_{g}*p*orbitals (see Fig. 1C). This strong orbital overlap rationalizes the strong coupling between two materials. We also notice that the exchange channels from Cr-

*e*to Mn-

_{g}*t*

_{2g}and Cr-

*e*to Mn-

_{g}*e*are both of FM type, further enhancing the overall exchange coupling strength. This is in sharp contrast to the exchange coupling between two CrI

_{g}_{3}layers, which is of FM type for the channel from Cr-

*e*to Cr-

_{g}*t*

_{2g}and of AFM type from Cr-

*t*

_{2g}to Cr-

*t*

_{2g}(

*36*). In addition, AFM-type coupling at the interface can also play a role of the exchange bias, although the present specific interface structure exhibits the FM coupling.

### QAH effect

We next investigate the electronic band structure and discuss its topological properties. Figure 2 shows band structures for 1 to 6 MnBi_{2}Te_{4} SL(s) on top of CrI_{3}. As discussed above, there is FM coupling between CrI_{3} and neighboring the MnBi_{2}Te_{4} SL and AFM coupling between MnBi_{2}Te_{4} SLs. The interface band structure can be approximately regarded as an overlap of two different materials. An essential feature is the existence of an energy gap in these band structures, which is crucial for the realization of QAH effect. The occupied Cr-*t*_{2g} bands are far below the valence bands of MnBi_{2}Te_{4}. The Cr-*e _{g}* states overlap with the conduction band bottom of MnBi

_{2}Te

_{4}and remain unoccupied. This means that there is no charge transfer through the van der Waals junction. The calculated Cr-

*t*

_{2g}and Cr-

*e*gap is about 1 eV, which is consistent with previous GGA calculations and can be corrected to about 1.5 eV by hybrid functionals (

_{g}*37*). Although some Cr-

*e*bands appear as the lowest conduction bands at the interface for thinner MnBi

_{g}_{2}Te

_{4}films (1 to 4 SLs), they will be pushed to even higher energy by the self-energy correction and do not affect our understanding of the band structure topology. When the MnBi

_{2}Te

_{4}layer is thicker (e.g., 5 to 6 SLs), the MnBi

_{2}Te

_{4}states become the lowest conduction bands in the GGA band structure. Thus, CrI

_{3}serves an ideal proximity exchange bias without destroying the MnBi

_{2}Te

_{4}band structure.

We find that isolate MnBi_{2}Te_{4} layers are trivial magnetic insulators for 1, 2, 4, and 6 SLs thick and QAH effect insulators for 3 and 5 SLs, which is consistent with recent theoretical studies (*13*, *19*). Here, the QAH insulator has the CN = 1, as showed by our Berry phase calculations using the Wilson loop method (*38*, *39*) and the Berry curvature distribution in the 2D Brillouin zone. In proximity to the CrI_{3} layer, MnBi_{2}Te_{4} band structures are modified weakly without changing their topological nature. For example, the isolated MnBi_{2}Te_{4} layer of 2, 4, or 6 SLs thick exhibits the double degeneracy in the band structure caused by the symmetry combining spatial inversion and time reversal. The existence of the CrI_{3} layer weakly breaks this symmetry and splits the degenerate bands. We verify the topological character of the interface structures by observing the band gap evolution with respect to the SOC strength. For 3- and 5-SL-thick MnBi_{2}Te_{4}/CrI_{3}, the band gap closes at about 90% of the normal SOC strength but reopens an energy gap with increasing SOC, showing a topological phase transition (TPT) (see figs. S5 and S6). The QAH insulator gaps are 49 and 14 meV for the 3- and 5-SL interface, respectively. For 1-, 2-, 4-, and 6-SL-thick MnBi_{2}Te_{4}/CrI_{3}, however, the bandgap remains open as varying SOC from 0 to 100%.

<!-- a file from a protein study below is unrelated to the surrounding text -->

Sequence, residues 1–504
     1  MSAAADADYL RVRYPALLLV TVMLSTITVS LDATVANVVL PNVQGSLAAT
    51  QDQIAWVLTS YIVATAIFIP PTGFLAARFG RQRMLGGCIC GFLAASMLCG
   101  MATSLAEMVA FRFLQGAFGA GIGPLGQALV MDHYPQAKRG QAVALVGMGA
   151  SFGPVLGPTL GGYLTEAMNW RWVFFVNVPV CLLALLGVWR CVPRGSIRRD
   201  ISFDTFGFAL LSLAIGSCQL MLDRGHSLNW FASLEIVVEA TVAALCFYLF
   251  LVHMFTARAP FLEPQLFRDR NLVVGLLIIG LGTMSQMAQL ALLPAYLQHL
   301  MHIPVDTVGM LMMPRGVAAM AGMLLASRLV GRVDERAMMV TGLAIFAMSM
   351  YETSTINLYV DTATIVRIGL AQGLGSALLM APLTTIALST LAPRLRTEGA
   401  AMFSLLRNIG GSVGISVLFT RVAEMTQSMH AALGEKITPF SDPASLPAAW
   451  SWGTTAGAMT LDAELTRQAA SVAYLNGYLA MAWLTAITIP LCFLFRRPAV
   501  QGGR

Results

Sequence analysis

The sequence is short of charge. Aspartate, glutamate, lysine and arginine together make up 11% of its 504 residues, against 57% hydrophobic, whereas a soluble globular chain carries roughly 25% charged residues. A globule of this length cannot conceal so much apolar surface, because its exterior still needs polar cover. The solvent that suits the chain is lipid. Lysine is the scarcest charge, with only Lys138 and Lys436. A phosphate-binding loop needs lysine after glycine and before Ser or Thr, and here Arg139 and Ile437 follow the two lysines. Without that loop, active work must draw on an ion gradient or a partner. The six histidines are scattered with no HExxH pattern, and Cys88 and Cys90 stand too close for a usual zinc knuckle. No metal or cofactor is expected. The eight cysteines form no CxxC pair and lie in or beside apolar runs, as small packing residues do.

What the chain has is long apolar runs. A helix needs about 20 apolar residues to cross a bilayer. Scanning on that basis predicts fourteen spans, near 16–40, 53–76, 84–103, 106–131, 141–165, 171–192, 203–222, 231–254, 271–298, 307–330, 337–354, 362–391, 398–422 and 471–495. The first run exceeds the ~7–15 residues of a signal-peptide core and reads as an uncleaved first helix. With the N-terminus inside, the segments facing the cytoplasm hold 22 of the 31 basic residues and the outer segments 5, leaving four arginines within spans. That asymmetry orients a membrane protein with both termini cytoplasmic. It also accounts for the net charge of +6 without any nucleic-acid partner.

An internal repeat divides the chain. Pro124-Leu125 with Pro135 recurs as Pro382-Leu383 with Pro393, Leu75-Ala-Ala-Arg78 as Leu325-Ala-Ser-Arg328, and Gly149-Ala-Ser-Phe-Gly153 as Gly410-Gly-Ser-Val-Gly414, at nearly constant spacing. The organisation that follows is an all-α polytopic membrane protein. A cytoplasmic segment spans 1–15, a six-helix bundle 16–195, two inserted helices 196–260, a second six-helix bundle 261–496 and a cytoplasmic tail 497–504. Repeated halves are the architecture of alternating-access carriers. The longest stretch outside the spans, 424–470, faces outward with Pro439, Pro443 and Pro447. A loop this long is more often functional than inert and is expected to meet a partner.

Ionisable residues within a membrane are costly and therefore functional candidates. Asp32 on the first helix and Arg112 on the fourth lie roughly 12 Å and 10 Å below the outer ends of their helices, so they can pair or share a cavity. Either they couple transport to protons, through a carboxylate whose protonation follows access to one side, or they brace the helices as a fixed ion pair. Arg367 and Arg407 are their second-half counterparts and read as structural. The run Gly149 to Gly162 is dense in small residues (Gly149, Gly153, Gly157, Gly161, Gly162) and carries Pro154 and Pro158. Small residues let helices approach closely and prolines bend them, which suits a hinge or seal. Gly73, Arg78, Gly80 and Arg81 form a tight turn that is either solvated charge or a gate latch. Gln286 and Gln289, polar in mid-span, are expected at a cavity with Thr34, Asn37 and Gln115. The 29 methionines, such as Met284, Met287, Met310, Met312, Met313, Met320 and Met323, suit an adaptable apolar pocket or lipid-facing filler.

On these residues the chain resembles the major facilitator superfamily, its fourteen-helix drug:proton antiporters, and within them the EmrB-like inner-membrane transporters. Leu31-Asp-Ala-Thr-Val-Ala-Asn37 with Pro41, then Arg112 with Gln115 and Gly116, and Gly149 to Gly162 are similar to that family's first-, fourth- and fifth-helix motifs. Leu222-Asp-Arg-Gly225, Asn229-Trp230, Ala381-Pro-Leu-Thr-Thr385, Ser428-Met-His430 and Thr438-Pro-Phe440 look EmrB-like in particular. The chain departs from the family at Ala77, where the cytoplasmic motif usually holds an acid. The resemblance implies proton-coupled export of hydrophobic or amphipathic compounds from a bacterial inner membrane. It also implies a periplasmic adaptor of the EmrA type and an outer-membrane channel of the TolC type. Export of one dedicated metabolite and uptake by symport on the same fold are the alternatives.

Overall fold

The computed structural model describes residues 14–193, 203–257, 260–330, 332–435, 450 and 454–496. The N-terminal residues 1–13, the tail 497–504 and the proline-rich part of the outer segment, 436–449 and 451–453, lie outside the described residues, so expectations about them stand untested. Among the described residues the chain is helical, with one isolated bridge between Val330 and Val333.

### Electrically tunable high-CN QAH effect

The 2D layered structure offers an opportunity to tune the band structure topology by applying a vertical electric field. The electric field induces different potential variation at different layers and subsequently modifies the overall band structure and its topological nature. For the interface structure, an electric field (ϵ) along the −*z* direction can push the Cr-*e _{g}* states up in the conduction band, as illustrated in Fig. 1B, leaving only MnBi

_{2}Te

_{4}states right above and below the energy gap. Further increasing the electric field can induce an inversion between the occupied and unoccupied bands, giving rise to the TPT. Since the CrI

_{3}brings little modifications to the low-energy band structure of MnBi

_{2}Te

_{4}, we only consider isolated MnBi

_{2}Te

_{4}models when applying an electric field in following discussions.